National Pan-Hellenic Council, Inc. Chapters
- Alpha Phi Alpha Fraternity, Inc. email@example.com
Alpha Phi Alpha Fraternity, Inc., the first intercollegiate Greek-letter fraternity established for African-American college male students, was established at Cornell University in Ithaca, New York, on December 4, 1906. More than 125,000 men have been initiated into Alpha Phi Alpha since its founding in 1906. There are now close to 500 college chapters on campuses, and 350 alumni chapters in local communities, located in 44 states, the District of Columbia, the Caribbean, Europe, Asia, and Africa.
- Alpha Kappa Alpha Sorority, Inc. firstname.lastname@example.org
Alpha Kappa Alpha Sorority, Inc., the first Greek-letter sorority established for African-American women, was founded in 1908 on the campus of Howard University. Continuing its 100+ years of service to all mankind, Alpha Kappa Alpha has grown to include more 250,000 members with chapters located throughout the globe. Alpha Kappa Alpha Sorority, Inc., Xi Lambda Chapter was chartered on March 21, 1983.
Multicultural Student Organizations
- Dartmouth College Gospel Choir email@example.com
The Dartmouth College Gospel Choir performs concerts during the fall and winter terms in Rollins Chapel, during the spring term in Spaulding Auditorium, at campus events, and at various churches. Audition required? No, but you will be asked to sing to determine your voice range.
- Dartmouth Alliance for Children of Color (DACC) firstname.lastname@example.orgFor many of the minority children in the Upper Valley, it is not uncommon to find themselves in situations where they are the only person of color in school or community settings. The DACC volunteer program - part of the Afro-American Society - is designed to promote positive cultural awareness and expression, and to foster strong relationships between involved students of color and Dartmouth and Upper Valley minority children and their families.
- Dartmouth Minorities in Business Association (DMBA) Dartmouth.Minorities.in.Business.Association@dartmouth.eduAt the core, Dartmouth Minorities ins Business (DMBA) is an organization aimed at providing undergraduate students at Dartmouth College with potential business opportunities. This opportunities include pre-internship, internship, and full employment opportunities. In addition, DMBA periodically updates its membership to sponsor various endeavors such as Tuck Mentoring, Career Services resume/cover letter review, Tuck Bridge info session, and many more.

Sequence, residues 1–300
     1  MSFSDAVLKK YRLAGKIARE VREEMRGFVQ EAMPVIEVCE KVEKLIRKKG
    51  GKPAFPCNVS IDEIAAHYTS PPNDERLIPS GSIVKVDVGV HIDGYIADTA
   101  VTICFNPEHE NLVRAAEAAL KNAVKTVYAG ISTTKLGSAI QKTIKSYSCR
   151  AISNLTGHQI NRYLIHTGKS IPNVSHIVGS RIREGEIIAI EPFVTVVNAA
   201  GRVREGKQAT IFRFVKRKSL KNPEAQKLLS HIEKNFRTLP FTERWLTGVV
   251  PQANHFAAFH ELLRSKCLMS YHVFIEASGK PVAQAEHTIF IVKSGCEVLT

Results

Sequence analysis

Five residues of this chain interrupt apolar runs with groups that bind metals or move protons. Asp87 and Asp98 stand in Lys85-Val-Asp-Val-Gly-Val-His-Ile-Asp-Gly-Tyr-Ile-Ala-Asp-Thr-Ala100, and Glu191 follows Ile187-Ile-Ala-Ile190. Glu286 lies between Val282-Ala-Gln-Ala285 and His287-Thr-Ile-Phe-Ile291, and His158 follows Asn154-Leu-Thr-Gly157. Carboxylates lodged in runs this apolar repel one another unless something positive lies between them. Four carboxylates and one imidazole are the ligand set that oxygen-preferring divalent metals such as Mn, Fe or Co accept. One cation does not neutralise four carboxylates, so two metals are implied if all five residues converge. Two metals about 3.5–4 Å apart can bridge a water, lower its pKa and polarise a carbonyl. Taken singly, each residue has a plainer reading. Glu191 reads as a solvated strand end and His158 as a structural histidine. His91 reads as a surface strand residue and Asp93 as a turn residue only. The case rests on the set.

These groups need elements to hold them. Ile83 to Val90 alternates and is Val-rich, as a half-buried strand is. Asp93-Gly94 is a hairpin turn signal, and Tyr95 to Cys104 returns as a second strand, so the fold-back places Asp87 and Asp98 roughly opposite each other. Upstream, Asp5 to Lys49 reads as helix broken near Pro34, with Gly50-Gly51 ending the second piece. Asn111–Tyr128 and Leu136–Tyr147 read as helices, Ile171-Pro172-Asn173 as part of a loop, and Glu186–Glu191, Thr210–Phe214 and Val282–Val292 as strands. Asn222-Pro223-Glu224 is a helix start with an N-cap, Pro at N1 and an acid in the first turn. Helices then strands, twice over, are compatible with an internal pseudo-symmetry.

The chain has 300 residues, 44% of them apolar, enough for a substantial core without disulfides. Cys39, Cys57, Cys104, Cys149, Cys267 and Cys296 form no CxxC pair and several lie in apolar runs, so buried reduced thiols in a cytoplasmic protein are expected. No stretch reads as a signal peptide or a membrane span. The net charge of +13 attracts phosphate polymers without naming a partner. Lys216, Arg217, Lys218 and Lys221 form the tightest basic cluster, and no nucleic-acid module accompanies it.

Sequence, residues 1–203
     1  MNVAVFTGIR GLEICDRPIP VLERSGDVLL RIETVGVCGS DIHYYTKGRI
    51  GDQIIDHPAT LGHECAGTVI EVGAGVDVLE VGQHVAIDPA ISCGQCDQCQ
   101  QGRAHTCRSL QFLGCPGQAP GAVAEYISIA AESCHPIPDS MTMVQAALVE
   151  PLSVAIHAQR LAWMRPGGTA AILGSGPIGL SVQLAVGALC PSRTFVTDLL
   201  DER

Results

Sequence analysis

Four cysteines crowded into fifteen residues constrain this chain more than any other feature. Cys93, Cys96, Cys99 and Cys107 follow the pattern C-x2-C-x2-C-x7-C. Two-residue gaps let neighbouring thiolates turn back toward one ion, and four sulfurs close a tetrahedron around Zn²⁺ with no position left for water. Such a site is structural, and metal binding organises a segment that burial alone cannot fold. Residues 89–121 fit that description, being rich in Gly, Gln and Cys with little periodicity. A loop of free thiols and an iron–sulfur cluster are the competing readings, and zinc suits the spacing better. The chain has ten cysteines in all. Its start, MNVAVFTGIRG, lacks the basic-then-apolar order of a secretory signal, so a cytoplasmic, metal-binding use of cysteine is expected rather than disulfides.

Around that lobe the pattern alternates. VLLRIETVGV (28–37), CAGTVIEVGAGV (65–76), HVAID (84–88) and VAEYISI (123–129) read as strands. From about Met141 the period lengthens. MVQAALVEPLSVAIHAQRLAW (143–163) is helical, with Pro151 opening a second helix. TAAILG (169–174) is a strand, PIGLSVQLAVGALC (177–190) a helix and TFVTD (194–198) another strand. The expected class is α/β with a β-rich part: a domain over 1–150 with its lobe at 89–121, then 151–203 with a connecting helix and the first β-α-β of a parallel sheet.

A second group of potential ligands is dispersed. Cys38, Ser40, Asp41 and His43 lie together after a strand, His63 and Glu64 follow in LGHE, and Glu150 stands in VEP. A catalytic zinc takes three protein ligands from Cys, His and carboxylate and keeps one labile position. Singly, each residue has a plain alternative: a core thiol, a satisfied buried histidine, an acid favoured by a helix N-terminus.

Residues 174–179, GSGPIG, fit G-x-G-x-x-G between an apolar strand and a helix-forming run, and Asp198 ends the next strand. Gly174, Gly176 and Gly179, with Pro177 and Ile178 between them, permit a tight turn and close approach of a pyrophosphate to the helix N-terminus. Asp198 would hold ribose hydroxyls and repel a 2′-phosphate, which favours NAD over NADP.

- Men of Color Association (MoCA) email@example.comThe Men of Color Alliance is focused on addressing the issues and building a true community of men of color specifically, which deals with the goals and expectations faced by them. The Men of Color Alliance hopes to accept, support and uplift all men of color by bringing their worlds together and engaging a praxis of manhood. This can mean focusing on the social aspects and nuances of being a man of color, the academic burdens and pressure felt at certain times, aiding in professional development, helping to find definitions of manhood or discussing the issues that concern us more personally.
- Mosaic firstname.lastname@example.orgMosaic provides a supportive forum for individuals who are from multiracial and multicultural backgrounds. Mosaic promotes cultural, social, and educational understanding of the issues facing individuals and groups of mixed heritage.
- National Association for the Advancement of Colored People (NAACP) NAACP@dartmouth.eduThe mission of the National Association for the Advancement of Colored People is to ensure the political, educational, social, and economic equality of rights of all persons and to eliminate race-based discrimination.
- Women of Color Collective (WoCC) www.dartmouth.edu/~cwg/wcc.html or WoCC@dartmouth.eduWoCC is a Center for Women and Gender sponsored discussion group devoted to exploring issues women of color may face on campus and providing a bridge that connects participants regardless of residence, affiliation, religion, or sexual identity.
Black Campus Resources
- Black Alumni of Dartmouth Association
The purpose of the Association is to provide the continuing and active support of the College’s Black alumni in matters affecting the intellectual, cultural, social, and educational well-being of the Black Alumni and members of the Black and other minority communities, as well as the greater College community at Dartmouth.
- Dartmouth Black Caucus Black.Caucus@Dartmouth.edu
The Dartmouth Black Caucus (DBC) is an association of the College’s employees of African descent. They meet periodically to address matters related to the status of Blacks (employees, as well as students) at Dartmouth.
- Shabazz Center for Intellectual Inquiry
The Shabazz Center is a 26 bed, co-ed Academic Affinity House located in Cutter Hall. Living spaces are available to upper class students by application only. The mission of the Shabazz Center Academic Affinity House is to enhance the intellectual and cultural milieu of the Dartmouth College campus, with particular regard to those issues which pertain to the historical and contemporary experiences of people of African descent.